More US-based companies were acquired than any other country in 2021. Almost 1,500 deals involving a foreign entity acquiring a US business were announced during the year, a 50% increase from 2020. UK companies were the second most popular acquisition targets, making it the top destination in Europe, followed by Germany, which placed third. Australia ranked fifth globally and was the leading Asia-Pacific deal country.
Spain was the fastest growing deal country within the top 10. The number of Spanish companies acquired by foreign businesses increased by 89.3% between 2020 and 2021.
China placed tenth globally and was the only country within the top ten to experience a decline in foreign acquisitions. Approximately 220 Chinese companies were acquired by foreign entities in 2021, a 4.8% drop compared with 2020.
One of the largest foreign acquisitions announced in 2021 was Canada-based railway company Canadian Pacific Railway’s $31bn acquisition of US-based rail company Kansas City Southern. The deal is currently awaiting approval from the US Surface Transportation Board and its verdict is expected in the fourth quarter of 2022. If successful, Canadian Pacific Kansas City will become the only single-line railroad linking the US, Mexico and Canada.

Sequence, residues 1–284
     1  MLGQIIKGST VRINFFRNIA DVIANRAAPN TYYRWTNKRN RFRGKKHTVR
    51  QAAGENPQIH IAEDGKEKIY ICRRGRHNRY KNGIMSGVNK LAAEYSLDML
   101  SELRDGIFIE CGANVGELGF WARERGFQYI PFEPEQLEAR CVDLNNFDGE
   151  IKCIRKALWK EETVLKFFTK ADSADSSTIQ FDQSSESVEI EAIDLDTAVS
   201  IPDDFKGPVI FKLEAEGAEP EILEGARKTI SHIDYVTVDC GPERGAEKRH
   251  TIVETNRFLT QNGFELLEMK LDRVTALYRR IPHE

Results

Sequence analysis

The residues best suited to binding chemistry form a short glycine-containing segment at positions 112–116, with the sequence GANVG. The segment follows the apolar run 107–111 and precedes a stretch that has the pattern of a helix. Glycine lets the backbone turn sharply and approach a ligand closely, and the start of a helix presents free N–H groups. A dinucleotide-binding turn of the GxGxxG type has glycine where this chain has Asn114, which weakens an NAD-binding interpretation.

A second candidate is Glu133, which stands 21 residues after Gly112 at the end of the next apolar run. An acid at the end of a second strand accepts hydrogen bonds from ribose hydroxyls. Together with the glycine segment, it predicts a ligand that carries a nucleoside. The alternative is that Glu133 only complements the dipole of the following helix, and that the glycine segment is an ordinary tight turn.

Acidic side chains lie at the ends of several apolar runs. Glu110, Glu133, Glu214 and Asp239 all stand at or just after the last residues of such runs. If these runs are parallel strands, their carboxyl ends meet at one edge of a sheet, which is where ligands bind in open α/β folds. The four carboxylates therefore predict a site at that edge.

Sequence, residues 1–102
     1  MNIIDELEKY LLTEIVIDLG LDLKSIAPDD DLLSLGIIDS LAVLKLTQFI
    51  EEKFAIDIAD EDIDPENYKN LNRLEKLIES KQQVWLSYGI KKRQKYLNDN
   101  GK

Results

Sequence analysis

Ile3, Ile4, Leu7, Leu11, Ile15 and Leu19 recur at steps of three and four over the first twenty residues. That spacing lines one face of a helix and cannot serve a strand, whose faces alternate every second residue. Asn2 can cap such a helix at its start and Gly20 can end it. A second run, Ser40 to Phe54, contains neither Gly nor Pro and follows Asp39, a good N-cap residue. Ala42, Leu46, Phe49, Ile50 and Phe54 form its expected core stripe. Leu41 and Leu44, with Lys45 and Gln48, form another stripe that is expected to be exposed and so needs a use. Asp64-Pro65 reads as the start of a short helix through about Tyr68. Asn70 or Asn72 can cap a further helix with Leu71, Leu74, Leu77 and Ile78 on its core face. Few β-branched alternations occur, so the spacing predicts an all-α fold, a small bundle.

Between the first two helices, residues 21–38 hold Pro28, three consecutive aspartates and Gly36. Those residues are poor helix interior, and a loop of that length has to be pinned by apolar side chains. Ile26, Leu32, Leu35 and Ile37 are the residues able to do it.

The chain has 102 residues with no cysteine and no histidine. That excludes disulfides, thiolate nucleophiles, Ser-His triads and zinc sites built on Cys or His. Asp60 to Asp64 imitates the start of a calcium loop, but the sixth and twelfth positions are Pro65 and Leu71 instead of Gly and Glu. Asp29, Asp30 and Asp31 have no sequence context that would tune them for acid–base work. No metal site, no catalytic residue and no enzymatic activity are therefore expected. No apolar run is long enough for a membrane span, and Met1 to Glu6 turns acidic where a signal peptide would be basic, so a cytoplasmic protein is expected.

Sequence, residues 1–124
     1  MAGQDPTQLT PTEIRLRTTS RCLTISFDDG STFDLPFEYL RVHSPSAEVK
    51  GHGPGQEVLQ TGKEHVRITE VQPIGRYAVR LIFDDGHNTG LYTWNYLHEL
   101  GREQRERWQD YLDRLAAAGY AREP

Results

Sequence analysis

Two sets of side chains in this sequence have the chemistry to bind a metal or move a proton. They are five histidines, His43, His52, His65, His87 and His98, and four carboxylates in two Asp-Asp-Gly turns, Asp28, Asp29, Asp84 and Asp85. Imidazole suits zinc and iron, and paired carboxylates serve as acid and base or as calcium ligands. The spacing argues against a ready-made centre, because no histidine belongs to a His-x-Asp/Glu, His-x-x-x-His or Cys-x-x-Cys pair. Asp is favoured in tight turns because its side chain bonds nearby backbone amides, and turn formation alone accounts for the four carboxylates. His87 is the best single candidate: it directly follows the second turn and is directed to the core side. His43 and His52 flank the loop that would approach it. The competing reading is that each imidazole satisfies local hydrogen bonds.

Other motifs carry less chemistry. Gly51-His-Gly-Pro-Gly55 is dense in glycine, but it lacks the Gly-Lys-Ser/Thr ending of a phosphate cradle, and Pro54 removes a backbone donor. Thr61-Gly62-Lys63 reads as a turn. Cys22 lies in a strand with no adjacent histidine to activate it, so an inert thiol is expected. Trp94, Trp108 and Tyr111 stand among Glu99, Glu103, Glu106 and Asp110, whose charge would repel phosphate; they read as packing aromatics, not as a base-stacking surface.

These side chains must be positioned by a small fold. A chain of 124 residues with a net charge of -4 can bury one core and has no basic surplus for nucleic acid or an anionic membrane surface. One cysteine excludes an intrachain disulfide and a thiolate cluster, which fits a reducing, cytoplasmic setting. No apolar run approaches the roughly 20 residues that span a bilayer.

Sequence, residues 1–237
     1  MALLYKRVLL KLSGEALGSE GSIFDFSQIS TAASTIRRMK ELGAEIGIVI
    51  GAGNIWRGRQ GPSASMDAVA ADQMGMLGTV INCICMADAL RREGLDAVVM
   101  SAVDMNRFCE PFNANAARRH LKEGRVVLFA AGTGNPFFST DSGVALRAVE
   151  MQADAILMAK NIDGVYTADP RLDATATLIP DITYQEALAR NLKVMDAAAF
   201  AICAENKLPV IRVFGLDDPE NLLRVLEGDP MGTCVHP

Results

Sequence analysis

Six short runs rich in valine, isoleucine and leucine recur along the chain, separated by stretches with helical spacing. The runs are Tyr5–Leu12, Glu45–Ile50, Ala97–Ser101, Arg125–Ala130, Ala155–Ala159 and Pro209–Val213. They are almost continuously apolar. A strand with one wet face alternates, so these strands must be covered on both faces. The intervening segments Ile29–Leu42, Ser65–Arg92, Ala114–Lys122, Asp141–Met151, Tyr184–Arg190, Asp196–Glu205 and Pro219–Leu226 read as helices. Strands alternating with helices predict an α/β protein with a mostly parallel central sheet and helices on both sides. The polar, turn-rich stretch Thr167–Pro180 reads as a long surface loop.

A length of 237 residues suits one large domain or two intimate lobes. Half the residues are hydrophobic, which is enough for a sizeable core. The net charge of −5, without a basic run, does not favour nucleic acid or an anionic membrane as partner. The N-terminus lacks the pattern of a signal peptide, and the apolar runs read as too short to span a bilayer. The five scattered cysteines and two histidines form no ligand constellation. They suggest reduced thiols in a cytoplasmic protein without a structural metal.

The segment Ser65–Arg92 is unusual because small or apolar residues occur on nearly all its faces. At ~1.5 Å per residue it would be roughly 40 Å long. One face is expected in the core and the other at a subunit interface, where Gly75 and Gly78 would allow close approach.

Other high-value deals include US-based financial services company Block’s $29bn acquisition of Australia-based Afterpay, a financial technology company best known for its buy now, pay later service. In addition, Canada-based multinational investment bank and financial services company BMO Financial Group announced the signing of a definitive agreement with France-based banking group BNP Paribas to acquire US-based Bank of the West in December 2021 for a cash purchase price of $16.3bn.
Data used refers to merger and acquisition deals announced in 2019–2021 and excludes asset transactions. If the acquirer country or deal country was unknown, the deal was omitted. Note that deals can span multiple countries and industries.